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Why Did Prohibition Last so Long?

In: Historical Events

Submitted By xride09
Words 1017
Pages 5
Why did Prohibition last so long? 30 Marks
Prohibition of Alcohol in America was introduced in 1920 with the 18th amendment of the constitution and was finally revoked in 1933. Prohibition was always considered a failure, due to the way it was policed, the fact the American people at the time liked to drink and the fact that alcohol was very easily accessible. Therefore the fact it lasted thirteen years, despite it being obvious within the first five that things were not working, seems incomprehensible. There are a number of factors which worked together to make prohibition last as long as it did. The most important being morale reasons behind introducing it at first, but the popularity of prohibition, the time it to repeal a law and the fact it didn’t really affect people’s lives too much also had an effect.
Firstly, a reason why prohibition lasted so long was due to morale reasons. Reasons that were used to get the law passed in the first place still stood and people sympathised with them. For example many women’s groups saw alcohol as a means by which men oppressed them, and also though that the money spent on drink could be better used amongst the family with raising children and other general necessities. This attitude didn’t stop during the prohibition years as people were still drinking and hence propaganda regarding prohibition still bore the pictures of families with mothers and children longing for their husbands/fathers to support prohibition. Also drinking alcohol at home was still permitted with numerous alcohol companies such as Budweiser still advertising in newspapers. The Woman’s Temperance society played a big part in this. It wasn’t just the domestic morals which were attacked by prohibition it was the industrial ones too. Big businesses saw drunkenness as something that led to danger and more importantly inefficiency in the work place, particularly in large factories where hazardous machinery was used. For example the Rockefeller Corporation and Heinz supported prohibition in the interest of greater workforce efficiency.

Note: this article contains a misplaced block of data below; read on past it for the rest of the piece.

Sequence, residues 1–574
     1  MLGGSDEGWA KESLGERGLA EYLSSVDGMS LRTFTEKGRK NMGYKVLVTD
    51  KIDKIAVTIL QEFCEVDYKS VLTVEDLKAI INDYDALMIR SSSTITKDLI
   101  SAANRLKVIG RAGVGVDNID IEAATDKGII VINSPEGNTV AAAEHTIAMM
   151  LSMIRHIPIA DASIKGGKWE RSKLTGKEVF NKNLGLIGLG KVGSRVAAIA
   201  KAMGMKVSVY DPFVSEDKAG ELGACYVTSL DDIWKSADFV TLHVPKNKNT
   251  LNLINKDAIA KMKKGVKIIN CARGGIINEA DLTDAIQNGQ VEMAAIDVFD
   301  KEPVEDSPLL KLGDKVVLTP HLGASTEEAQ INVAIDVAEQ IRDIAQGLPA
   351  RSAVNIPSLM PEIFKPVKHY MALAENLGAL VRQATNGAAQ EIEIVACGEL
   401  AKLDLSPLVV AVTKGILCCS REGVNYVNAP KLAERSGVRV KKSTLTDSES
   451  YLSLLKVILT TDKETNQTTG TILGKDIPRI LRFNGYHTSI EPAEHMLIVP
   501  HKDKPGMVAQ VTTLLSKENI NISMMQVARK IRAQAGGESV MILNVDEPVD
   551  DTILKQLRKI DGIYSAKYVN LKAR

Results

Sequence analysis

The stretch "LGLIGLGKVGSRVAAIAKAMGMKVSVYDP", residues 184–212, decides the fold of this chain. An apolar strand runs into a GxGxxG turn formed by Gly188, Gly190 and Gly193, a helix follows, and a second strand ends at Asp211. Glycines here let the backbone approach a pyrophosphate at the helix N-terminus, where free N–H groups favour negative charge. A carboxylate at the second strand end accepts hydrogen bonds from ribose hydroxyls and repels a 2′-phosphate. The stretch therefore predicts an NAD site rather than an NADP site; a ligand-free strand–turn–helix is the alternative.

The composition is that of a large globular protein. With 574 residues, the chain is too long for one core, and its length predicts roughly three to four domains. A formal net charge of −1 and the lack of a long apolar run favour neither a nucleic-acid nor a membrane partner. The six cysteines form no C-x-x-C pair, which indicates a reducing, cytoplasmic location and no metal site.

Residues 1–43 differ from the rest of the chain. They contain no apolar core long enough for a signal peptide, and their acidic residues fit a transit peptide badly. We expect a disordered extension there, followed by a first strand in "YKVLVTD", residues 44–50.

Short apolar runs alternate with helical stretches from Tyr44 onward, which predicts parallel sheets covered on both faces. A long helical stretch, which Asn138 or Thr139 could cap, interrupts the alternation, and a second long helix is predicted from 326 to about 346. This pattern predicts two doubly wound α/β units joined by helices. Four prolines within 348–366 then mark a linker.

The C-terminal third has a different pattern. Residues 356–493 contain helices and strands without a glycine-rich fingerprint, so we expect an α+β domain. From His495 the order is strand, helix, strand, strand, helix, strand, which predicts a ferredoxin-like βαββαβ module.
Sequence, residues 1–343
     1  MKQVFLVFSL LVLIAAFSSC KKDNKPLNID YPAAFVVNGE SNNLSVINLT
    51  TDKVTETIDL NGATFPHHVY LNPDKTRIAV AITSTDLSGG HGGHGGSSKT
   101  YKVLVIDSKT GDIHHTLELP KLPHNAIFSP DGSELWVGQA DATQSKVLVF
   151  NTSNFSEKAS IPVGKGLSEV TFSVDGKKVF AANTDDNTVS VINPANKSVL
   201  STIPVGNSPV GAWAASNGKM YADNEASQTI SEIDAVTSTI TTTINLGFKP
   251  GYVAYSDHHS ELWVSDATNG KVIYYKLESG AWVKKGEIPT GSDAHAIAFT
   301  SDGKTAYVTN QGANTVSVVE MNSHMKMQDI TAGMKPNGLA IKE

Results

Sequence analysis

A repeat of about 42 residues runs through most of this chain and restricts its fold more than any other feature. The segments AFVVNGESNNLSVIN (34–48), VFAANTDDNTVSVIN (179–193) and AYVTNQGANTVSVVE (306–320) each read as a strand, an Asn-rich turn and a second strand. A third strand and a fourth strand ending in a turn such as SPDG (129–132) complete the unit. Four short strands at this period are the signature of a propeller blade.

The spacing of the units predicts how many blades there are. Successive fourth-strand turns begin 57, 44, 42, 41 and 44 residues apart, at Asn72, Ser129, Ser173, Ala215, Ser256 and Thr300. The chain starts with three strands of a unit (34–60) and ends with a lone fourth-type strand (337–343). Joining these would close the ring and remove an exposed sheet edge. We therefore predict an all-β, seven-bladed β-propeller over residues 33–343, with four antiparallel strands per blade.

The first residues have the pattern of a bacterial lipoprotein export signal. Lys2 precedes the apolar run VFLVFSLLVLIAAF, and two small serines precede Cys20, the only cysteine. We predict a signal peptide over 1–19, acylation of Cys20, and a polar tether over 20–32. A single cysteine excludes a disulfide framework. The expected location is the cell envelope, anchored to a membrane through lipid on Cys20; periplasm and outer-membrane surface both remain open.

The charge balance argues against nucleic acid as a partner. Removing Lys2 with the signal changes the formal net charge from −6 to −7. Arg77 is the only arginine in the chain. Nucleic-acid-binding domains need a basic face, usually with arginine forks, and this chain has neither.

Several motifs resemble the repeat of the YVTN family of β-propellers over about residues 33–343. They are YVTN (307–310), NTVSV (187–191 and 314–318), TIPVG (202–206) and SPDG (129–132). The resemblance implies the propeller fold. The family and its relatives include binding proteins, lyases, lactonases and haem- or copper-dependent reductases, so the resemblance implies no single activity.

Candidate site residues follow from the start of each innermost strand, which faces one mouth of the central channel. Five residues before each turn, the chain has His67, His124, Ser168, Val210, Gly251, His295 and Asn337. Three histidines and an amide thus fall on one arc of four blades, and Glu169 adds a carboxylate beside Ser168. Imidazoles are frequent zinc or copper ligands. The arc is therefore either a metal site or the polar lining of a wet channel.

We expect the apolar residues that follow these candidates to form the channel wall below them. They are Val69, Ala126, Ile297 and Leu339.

Secondly, another reason why prohibition lasted so long was due to little opposition. People and groups with anti-prohibition attitudes were very unorganised with their rallies, parades and protests. Only two major protests took place, a parade in Baltimore and a march in New York which resulted in very little awareness in regard for abolition prohibition. Also it was the norm for American politicians during the time to declare weather they were ‘wets or drys.’ Many politicians did not want to be seen as ‘wets’ as it would harm their political identity and careers. WW1 also played a part in the retention of prohibition. Grain was needed to make alcohol, however during the war grain as needed to provide food. People believed that through prohibition, they were being patriotic as it would help out the soldiers. Correspondingly many Americans had anti-German sentiments due to the war and as a result boycotted the German Brewing companies such as Ruppert, Pabst and Lieber.